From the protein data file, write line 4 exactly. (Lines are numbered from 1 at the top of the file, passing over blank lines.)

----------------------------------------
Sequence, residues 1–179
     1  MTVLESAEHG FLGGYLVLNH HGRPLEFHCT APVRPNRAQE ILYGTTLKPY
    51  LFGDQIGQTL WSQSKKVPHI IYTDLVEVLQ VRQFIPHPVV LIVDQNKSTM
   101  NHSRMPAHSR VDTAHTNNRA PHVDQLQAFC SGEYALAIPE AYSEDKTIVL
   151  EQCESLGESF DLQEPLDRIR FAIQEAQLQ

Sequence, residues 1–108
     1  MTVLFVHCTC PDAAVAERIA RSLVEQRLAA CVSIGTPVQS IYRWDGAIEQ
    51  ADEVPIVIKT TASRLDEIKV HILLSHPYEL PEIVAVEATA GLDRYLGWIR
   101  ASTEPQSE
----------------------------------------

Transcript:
   101  NHSRMPAHSR VDTAHTNNRA PHVDQLQAFC SGEYALAIPE AYSEDKTIVL